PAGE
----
Page:The Kiss and its History.djvu/194

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what longer than a hearty hand-shake with us. During this process they uttered a grunt of satisfaction."[1] The French savant Gaidoz, who has also described this custom, remarks, "I have many times observed that cats which are fond of one another greet each other in this way; and I myself once had a cat which always tried to squeeze its nose against mine as a mark of affection."[1]

Everything is in favour of this nose-salute being a very primitive custom, and its origin may be sought beyond the sense of touch; no doubt, in the sense of smell.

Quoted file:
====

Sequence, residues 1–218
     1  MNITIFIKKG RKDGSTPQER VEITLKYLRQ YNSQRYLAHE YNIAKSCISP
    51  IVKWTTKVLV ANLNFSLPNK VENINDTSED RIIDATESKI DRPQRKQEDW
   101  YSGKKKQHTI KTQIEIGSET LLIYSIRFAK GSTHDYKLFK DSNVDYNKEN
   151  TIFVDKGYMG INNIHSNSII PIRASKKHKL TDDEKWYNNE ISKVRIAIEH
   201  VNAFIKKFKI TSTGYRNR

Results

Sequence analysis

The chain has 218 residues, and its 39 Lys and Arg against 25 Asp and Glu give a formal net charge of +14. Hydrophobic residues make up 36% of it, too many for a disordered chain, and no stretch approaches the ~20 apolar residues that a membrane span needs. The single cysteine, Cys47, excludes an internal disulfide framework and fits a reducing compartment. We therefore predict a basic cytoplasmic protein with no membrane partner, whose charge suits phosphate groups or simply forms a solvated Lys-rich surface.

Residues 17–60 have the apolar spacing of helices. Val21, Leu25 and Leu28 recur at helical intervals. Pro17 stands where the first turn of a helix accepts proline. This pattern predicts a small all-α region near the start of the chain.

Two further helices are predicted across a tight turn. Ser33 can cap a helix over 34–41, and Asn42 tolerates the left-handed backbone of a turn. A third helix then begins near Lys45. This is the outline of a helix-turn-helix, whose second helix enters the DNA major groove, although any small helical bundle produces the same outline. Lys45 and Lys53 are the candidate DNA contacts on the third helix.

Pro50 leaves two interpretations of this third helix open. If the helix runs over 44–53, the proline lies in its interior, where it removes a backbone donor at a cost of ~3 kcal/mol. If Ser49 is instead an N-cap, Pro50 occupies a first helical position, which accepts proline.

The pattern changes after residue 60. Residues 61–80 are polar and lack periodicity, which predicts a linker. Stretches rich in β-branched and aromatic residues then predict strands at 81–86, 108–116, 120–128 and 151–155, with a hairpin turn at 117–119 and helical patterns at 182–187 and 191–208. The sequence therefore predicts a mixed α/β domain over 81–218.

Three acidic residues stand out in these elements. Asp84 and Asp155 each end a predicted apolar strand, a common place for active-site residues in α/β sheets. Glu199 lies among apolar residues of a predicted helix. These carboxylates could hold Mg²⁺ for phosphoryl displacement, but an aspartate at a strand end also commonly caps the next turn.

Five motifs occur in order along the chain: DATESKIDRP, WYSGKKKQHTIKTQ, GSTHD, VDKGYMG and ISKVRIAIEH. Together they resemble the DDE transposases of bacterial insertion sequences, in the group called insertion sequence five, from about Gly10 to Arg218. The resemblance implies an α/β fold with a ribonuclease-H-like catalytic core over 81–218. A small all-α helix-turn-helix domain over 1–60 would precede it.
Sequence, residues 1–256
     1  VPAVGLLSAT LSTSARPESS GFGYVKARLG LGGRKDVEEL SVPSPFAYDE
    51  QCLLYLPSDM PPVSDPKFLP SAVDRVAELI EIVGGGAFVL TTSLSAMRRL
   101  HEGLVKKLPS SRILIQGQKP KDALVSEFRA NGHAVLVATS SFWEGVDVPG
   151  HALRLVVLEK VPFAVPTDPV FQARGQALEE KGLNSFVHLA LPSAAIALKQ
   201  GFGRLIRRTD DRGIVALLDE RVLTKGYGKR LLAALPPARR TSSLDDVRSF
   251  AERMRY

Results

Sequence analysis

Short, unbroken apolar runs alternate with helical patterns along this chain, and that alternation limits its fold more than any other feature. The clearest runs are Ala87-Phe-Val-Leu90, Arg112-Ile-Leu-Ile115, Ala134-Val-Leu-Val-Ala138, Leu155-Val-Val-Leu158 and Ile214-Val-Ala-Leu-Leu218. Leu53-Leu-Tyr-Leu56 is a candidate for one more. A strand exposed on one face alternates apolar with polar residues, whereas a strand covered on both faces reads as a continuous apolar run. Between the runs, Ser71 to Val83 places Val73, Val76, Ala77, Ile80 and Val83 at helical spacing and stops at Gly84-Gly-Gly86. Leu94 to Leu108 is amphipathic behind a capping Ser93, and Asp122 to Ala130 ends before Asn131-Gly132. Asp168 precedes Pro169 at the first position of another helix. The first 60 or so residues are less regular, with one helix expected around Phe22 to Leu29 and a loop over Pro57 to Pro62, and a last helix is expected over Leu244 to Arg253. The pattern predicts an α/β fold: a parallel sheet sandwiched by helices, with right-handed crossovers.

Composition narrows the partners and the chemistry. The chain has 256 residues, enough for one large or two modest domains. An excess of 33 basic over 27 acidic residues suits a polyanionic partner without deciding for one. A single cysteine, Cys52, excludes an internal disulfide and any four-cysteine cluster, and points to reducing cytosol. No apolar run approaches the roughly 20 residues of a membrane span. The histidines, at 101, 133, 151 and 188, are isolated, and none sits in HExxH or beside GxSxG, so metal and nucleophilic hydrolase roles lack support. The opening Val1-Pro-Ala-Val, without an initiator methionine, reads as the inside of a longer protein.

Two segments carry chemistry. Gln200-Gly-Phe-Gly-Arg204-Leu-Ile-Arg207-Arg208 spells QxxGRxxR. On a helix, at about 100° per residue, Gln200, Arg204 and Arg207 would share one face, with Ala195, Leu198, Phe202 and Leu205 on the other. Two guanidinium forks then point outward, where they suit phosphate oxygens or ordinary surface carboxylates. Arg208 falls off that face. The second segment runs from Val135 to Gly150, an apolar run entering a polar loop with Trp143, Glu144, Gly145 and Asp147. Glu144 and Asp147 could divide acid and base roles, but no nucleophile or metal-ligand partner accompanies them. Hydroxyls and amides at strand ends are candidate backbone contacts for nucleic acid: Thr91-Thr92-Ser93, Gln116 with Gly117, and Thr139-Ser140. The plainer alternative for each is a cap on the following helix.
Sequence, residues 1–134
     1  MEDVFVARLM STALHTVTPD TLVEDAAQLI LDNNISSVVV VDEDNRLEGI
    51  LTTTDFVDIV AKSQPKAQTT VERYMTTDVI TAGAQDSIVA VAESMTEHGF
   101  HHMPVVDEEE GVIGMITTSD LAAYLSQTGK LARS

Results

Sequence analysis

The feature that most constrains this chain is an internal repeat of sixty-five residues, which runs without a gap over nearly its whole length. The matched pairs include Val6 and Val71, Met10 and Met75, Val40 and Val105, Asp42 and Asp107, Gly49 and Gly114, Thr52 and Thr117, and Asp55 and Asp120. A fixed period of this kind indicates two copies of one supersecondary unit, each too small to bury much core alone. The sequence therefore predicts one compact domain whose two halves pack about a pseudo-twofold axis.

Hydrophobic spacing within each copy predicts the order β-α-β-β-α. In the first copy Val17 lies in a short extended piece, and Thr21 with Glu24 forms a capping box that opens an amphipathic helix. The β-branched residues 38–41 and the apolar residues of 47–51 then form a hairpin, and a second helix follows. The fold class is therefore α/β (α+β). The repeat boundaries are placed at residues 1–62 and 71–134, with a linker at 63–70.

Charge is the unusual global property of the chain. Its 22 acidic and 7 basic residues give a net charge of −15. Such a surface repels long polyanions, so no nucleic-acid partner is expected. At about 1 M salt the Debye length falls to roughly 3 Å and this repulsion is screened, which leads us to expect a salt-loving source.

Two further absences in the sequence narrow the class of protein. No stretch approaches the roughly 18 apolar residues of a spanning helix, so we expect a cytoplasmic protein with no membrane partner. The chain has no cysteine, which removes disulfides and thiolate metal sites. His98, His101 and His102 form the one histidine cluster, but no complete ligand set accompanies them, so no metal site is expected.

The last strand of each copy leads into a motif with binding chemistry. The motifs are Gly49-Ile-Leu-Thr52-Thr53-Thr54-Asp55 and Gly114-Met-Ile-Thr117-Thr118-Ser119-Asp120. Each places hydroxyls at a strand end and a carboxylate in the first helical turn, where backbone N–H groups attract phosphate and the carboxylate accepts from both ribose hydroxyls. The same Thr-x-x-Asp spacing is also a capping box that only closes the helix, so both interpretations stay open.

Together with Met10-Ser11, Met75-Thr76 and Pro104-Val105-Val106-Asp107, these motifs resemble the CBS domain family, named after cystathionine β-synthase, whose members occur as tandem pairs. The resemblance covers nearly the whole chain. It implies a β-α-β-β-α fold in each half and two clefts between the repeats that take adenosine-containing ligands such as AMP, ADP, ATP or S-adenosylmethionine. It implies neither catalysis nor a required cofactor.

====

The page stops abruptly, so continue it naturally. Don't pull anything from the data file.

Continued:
Spencer has arrived at the following conclusions: The sheep bleats after her little lamb which has run away. It sniffs at several lambs that are skipping about near her, and at last recognises her own by means of the sense of smell, and undoubtedly feels great delight at recognising it. In consequence of assiduous repetitions of this a certain relation is developed between the two factors, so that the smell of the lamb excites joy in the sheep.

As every animal has its peculiar smell, so, too, has every human being. When the patriarch Isaac grew old his eyes began to

  1. 1.0 1.1 Retranslated from the Danish Version in the Text.